It's all about Suffolk: Lesley Dolphin

Lesley ponders the joys, or otherwise, of clothes shopping

Why I dread clothes shopping  

Where did the idea come from that women love a bit of retail therapy? I have got a couple of posh do’s to go to this summer and am dreading having to fight my way around the shops to find something to wear. I’m not the only woman to hate clothes shopping either. Mark and I went on holiday to Florida with our friends last year and when it rained for the first three days of our visit we ended up at the Factory Outlet shopping malls – not for us women though... it was the men who hit the designer shops!

It is so easy to buy clothes if you are a man because, once you know your collar size for your shirts, and your waist and leg measurements for your trousers, you can go into any shop and just buy what you fancy – in Mark’s case a wardrobe full of shirts. It’s a completely different kettle of fish for women because each item of clothing is cut and sized differently.

A size 14 in one label can be a size 12 in another which means I often have to take two of everything I like the look of into the changing rooms. There was a time when I would refuse to buy a size 14 so these days it is definitely a point in favour of the garment if I can still fit into it as a size 12!

Then the battle of the changing rooms is enough to put anyone off a shopping spree. From the queuing to get into one of those cramped cubicles, to the counting of the number of items you want to take in: "Sorry madam you are only allowed six items... which would you like to leave with me?" That means that later on there’ll be an embarrassing moment when you have to peer out from behind the curtain, in a semi-naked state, to call the attendant for the remaining garments. Then there are the mirrors which are just like the ones I used to see at the fairground – the ones that made me look very fat and highlighted every cellulite dimple!

One of our do’s this summer is to a garden party so it will be pretty simple for Mark to sort out his outfit – either a dark lounge suit or a morning suit. For me though it is going to be so much more complicated. Should I wear a dress or two-piece, short or long, sleeves or not, coat or jacket, killer heels or sensible, big handbag or clutch bag...... etc, etc? I feel exhausted just thinking about it – and I haven’t even dared to consider the hat that I gather I have to wear!

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Later on there’ll be an embarrassing moment when you have to peer out from behind the curtain, in a semi-naked state, to call the attendant for the remaining garments.

All readers of this magazine will be well aware of the local food revolution that seems to be in full swing in Suffolk. The EADT Suffolk Food and Drink Awards have grown since they were first featured here in 2006 but recently I was invited to a particularly exciting business breakfast. Although there are farm shops, farmers markets and food festivals in Suffolk, I don’t think it is particularly easy to buy local food on a regular basis, especially if you live in town and work a full week. Now that could change with a new initiative launched by the East of England Co-operative. They have spent two years sourcing local foods to be sold in their stores across the east. We can already buy local potatoes and ‘Taste of Anglia’ products but from this summer keep your eyes open for their ‘locally sourced’ brands – anything from meat to asparagus. I can’t wait.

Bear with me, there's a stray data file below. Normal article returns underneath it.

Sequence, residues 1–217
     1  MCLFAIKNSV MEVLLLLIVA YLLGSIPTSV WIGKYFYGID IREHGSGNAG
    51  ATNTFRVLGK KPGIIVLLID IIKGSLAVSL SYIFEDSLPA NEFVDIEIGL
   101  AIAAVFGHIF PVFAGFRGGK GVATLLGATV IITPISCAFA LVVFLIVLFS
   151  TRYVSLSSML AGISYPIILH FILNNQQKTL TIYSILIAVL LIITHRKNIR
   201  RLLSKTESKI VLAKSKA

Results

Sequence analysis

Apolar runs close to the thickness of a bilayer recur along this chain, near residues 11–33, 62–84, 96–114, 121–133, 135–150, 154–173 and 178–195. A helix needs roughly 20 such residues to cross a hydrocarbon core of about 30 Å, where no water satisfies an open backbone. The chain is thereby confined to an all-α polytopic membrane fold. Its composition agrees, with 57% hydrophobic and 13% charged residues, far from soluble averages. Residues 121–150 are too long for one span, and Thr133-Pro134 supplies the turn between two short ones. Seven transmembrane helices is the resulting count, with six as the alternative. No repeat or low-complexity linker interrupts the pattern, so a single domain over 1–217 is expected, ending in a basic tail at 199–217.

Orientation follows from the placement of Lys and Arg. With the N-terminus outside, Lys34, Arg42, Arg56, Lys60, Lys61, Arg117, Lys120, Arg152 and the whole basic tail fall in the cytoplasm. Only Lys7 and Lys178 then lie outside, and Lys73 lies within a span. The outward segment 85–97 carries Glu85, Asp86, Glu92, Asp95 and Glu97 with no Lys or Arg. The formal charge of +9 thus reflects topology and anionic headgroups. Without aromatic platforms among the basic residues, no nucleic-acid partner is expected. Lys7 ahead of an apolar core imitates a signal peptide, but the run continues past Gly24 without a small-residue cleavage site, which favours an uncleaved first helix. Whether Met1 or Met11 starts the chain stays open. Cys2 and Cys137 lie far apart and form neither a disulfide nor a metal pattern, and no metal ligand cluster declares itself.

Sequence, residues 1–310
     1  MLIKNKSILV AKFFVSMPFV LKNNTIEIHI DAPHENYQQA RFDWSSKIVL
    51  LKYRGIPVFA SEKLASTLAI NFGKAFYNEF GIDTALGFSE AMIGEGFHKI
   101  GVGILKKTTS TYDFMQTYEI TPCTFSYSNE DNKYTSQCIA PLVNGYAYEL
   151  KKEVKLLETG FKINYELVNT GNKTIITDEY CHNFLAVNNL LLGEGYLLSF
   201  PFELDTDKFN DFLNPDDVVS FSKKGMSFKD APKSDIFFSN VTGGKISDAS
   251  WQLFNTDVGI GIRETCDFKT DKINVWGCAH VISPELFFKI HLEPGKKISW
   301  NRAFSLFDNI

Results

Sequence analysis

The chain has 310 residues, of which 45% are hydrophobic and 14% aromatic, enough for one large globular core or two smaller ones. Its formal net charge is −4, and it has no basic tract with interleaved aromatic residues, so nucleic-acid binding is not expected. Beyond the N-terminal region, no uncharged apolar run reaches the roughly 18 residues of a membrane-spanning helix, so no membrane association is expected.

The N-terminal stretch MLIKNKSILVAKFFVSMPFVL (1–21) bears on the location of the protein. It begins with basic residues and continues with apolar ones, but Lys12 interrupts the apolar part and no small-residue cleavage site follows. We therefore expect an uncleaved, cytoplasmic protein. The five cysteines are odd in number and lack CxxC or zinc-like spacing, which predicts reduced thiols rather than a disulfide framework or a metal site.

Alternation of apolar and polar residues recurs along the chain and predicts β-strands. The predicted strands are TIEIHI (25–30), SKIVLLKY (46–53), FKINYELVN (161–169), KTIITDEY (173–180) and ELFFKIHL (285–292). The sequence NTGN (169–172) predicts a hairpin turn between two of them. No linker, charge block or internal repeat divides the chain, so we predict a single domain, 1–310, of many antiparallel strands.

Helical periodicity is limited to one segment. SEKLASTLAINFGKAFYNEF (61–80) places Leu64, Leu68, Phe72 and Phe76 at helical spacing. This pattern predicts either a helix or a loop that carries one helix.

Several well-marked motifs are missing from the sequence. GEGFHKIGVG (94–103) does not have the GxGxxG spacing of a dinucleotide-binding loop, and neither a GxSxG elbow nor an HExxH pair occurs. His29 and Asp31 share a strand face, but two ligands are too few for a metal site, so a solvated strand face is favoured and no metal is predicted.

Are you a morning person or a night owl? Once upon a time I think I would have said I was a late night person – probably when I was a partying student. These days though, the hours we keep are really more determined by my husband’s work. As you will read elsewhere in this magazine Mark has been presenting the Breakfast Show for BBC Radio Suffolk for the last 11 years.

Our alarm clock goes off at around 3.30am, Monday to Friday, and he has to be in work by 4am. I have to admit I don’t leap out of bed to make him a cup of tea before he goes, and some mornings I don’t even hear him leave.

Over the years we have learnt to live around Mark’s work pattern without letting it totally take over our life and I really admire how he copes, I get very crabby when I don’t get enough sleep! He gets home from work at lunchtime and then goes to bed for the afternoon, I usually take him a cup of tea when I get home at around 5.30. That means that we can at least spend the evenings together and sometimes even get out to the theatre and other events.

Mind you by the time we get to Sunday – Mark’s only day off at the moment – he is shattered and could give any teenager a run for their money in the ‘sleeping in’ stakes. I often slip out of the house to go to the gym and get back before he stirs. I do know he finds the early mornings much easier to cope with in the summer when it’s light and the birds are singing, rather than having to scrape the windscreen and fight the icy roads in the dark winter months - but read what he has to say in the feature starting on page 60.

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